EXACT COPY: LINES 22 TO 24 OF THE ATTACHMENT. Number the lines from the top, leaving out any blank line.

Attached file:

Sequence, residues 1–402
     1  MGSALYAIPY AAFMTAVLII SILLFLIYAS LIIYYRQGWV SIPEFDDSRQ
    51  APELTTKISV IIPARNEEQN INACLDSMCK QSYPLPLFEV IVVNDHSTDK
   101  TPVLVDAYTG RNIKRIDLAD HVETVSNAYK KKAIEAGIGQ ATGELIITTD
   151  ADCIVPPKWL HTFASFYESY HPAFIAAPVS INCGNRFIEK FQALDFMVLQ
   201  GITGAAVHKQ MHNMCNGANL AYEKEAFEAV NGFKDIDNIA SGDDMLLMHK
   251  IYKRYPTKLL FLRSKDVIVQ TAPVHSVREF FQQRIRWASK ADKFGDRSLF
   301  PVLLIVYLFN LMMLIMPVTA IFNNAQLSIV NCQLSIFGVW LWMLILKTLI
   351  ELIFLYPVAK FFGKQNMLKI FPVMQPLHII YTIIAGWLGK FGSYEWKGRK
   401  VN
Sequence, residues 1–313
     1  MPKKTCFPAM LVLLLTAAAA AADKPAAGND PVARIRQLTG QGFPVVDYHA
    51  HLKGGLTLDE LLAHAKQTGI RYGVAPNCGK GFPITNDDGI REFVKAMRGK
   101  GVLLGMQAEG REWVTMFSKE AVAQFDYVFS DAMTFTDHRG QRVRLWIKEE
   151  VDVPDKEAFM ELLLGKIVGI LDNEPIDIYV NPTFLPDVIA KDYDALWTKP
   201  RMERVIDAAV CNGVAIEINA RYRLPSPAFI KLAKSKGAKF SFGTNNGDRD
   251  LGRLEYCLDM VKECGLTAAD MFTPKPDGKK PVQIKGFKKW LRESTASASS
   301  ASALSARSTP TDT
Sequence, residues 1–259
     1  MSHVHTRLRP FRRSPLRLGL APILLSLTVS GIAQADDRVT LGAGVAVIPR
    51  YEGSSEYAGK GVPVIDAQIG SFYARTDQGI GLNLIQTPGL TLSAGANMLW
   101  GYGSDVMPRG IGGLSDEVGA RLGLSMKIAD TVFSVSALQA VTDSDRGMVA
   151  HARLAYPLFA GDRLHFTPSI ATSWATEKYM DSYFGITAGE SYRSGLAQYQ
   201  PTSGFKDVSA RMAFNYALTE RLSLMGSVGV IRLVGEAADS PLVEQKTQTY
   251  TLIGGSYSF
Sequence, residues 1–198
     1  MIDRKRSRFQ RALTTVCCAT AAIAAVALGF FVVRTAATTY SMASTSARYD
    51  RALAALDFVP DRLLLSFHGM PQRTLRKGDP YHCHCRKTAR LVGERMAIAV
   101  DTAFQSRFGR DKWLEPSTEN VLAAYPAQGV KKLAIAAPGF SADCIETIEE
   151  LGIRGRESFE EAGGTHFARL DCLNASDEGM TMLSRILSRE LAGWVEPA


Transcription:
   101  GYGSDVMPRG IGGLSDEVGA RLGLSMKIAD TVFSVSALQA VTDSDRGMVA
   151  HARLAYPLFA GDRLHFTPSI ATSWATEKYM DSYFGITAGE SYRSGLAQYQ
   201  PTSGFKDVSA RMAFNYALTE RLSLMGSVGV IRLVGEAADS PLVEQKTQTY